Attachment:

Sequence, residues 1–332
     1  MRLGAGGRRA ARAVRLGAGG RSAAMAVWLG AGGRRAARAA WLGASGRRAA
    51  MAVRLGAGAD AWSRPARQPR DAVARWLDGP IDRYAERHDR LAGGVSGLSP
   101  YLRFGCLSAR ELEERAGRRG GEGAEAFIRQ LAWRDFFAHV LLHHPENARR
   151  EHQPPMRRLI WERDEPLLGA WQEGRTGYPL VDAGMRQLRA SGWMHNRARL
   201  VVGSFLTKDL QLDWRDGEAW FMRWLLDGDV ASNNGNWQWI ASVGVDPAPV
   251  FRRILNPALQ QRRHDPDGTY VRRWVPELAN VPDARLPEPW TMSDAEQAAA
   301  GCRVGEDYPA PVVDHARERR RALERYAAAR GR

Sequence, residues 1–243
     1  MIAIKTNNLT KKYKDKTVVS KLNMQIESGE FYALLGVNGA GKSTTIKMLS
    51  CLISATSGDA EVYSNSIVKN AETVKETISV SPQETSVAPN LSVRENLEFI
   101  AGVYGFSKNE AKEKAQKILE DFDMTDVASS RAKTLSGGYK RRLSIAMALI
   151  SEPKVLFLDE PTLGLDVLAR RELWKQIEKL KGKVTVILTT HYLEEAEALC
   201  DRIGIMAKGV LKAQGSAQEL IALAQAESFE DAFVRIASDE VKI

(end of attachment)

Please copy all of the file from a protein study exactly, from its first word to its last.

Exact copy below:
Sequence, residues 1–332
     1  MRLGAGGRRA ARAVRLGAGG RSAAMAVWLG AGGRRAARAA WLGASGRRAA
    51  MAVRLGAGAD AWSRPARQPR DAVARWLDGP IDRYAERHDR LAGGVSGLSP
   101  YLRFGCLSAR ELEERAGRRG GEGAEAFIRQ LAWRDFFAHV LLHHPENARR
   151  EHQPPMRRLI WERDEPLLGA WQEGRTGYPL VDAGMRQLRA SGWMHNRARL
   201  VVGSFLTKDL QLDWRDGEAW FMRWLLDGDV ASNNGNWQWI ASVGVDPAPV
   251  FRRILNPALQ QRRHDPDGTY VRRWVPELAN VPDARLPEPW TMSDAEQAAA
   301  GCRVGEDYPA PVVDHARERR RALERYAAAR GR

Sequence, residues 1–243
     1  MIAIKTNNLT KKYKDKTVVS KLNMQIESGE FYALLGVNGA GKSTTIKMLS
    51  CLISATSGDA EVYSNSIVKN AETVKETISV SPQETSVAPN LSVRENLEFI
   101  AGVYGFSKNE AKEKAQKILE DFDMTDVASS RAKTLSGGYK RRLSIAMALI
   151  SEPKVLFLDE PTLGLDVLAR RELWKQIEKL KGKVTVILTT HYLEEAEALC
   201  DRIGIMAKGV LKAQGSAQEL IALAQAESFE DAFVRIASDE VKI